FIFA returns $100M to Brazil; World Cup cost $15 billionRio De Janeiro: Football's world governing body FIFA said Tuesday it had set up a $100 million World Cup Legacy Fund for Brazil, aimed at sports facilities, youth and women's football, and medical and health
Rio De Janeiro: Football's world governing body FIFA said Tuesday it had set up a $100 million World Cup Legacy Fund for Brazil, aimed at sports facilities, youth and women's football, and medical and health projects.
FIFA President Sepp Blatter pledged two years ago to give back some of the 2014 World Cup income to grassroots programs in the South American country, which spent about $15 billion organizing last year's World Cup.
Spending on the Rio de Janeiro 2016 Olympics is expected to top $15 billion.
FIFA Secretary General Jerome Valcke, speaking in Sao Paulo, said the World Cup "inevitably has an impact on society and the environment in the host country." He said organizers had a "responsibility to limit the associated negative effects, while at the same time maximizing the huge positive impact it can have."
It will take years to assess the impact of the World Cup in Brazil.
It is clear that Brazilian politicians underestimated the costs, stadiums were late getting ready, and many related infrastructure project were cancelled, or have yet to be completed. On the field, matches were high-scoring and jam-packed, and a heavy police and military presence helped discourage the kind of protests that overshadowed the 2013 Confederations Cup.
Brazil was eliminated in a stunning 7-1 lost to Germany in the semifinals.
FIFA, a not-for-profit organization based in Switzerland, generated more than $4 billion in sales from the 2014 World Cup. The figure could reach $5 billion for Russia's 2018 World Cup.
An analysis earlier this month said Brazil spent about $3 billion on new and refurbished stadiums, 90 percent of it being public money. Former President Luiz Inacio Lula da Silva had promised all stadiums would be privately financed.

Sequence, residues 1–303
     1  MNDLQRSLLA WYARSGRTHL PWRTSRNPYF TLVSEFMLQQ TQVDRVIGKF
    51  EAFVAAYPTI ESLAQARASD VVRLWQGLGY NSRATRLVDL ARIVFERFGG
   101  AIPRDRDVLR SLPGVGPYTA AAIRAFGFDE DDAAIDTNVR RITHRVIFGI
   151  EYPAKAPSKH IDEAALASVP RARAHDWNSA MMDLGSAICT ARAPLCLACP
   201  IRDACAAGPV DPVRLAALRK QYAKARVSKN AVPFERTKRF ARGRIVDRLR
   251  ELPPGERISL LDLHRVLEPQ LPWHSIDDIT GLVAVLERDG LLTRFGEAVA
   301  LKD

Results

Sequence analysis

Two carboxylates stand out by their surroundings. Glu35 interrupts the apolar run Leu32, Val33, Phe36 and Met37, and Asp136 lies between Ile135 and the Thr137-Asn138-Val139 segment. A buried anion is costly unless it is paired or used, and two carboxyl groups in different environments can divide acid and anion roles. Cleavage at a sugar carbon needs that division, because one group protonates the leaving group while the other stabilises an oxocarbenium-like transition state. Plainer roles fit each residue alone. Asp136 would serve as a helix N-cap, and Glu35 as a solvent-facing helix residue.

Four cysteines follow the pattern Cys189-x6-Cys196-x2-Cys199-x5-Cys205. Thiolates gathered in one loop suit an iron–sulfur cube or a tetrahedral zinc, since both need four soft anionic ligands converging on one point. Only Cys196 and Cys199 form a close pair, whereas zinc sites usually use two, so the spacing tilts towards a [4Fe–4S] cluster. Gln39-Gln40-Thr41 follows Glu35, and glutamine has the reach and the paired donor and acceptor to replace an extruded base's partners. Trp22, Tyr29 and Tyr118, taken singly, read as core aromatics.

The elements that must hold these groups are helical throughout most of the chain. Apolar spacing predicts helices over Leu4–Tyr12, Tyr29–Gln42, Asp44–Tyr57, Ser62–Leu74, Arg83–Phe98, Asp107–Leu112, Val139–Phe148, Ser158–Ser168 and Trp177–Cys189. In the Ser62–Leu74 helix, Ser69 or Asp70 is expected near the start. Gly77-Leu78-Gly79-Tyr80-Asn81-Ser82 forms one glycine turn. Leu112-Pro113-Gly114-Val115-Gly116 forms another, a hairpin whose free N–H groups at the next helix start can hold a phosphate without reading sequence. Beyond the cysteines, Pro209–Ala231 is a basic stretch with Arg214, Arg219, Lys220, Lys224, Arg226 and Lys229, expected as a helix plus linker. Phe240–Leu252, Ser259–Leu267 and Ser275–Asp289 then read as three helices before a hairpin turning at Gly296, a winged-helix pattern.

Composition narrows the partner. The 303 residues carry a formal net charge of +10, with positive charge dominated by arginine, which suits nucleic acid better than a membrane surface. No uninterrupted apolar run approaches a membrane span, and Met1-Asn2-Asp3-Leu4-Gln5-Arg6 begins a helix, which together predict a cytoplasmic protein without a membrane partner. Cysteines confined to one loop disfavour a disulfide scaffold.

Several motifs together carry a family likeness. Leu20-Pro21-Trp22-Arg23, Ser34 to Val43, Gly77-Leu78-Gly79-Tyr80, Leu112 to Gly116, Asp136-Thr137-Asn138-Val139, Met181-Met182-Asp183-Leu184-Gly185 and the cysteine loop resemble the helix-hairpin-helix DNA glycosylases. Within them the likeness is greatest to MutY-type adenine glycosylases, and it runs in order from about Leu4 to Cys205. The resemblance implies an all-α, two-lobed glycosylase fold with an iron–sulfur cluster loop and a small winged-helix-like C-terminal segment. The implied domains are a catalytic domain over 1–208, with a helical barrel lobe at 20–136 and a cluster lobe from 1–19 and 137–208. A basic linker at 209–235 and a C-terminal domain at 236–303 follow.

Government officials acknowledged that public holidays associated with the World Cup were partly to blame for the country falling into a technical recession late last year.
Four of the 12 stadiums used for the World Cup are almost certain to become white elephants. Some are faced with hosting weddings and children's events to generate income. Several are expected to host a few games for the Rio Olympics.
Valcke acknowledged that "some of the stadiums are not used permanently." He said it would "take time to use all the stadiums at their maximum."
He also responded to criticism of FIFA in the Brazilian media.
"Our commitment (is) to be in Brazil after the World Cup, not to leave, as some media said — I mean (comments like) 'FIFA is coming to Brazil taking the money out of Brazil and run away from Brazil right after the final'. It is not true.
"FIFA is committed to develop and support football wherever we organize our events."
Despite Brazil's prestige in the game, Jose Maria Marin, president of the Brazilian Football Federation, said some of the legacy money was targeted for the 15 states where the game is not as well funded.
"We took on a commitment with the states that did not host the event to make sure the benefits of the World Cup will reach places where, although the love of football is huge, the structure offered to the community still cannot be compared to that which we see in the bigger cities."
FIFA said the Brazilian federation was responsible for the projects — subject to FIFA approval. FIFA said the spending would be audited by accounting firm KPMG.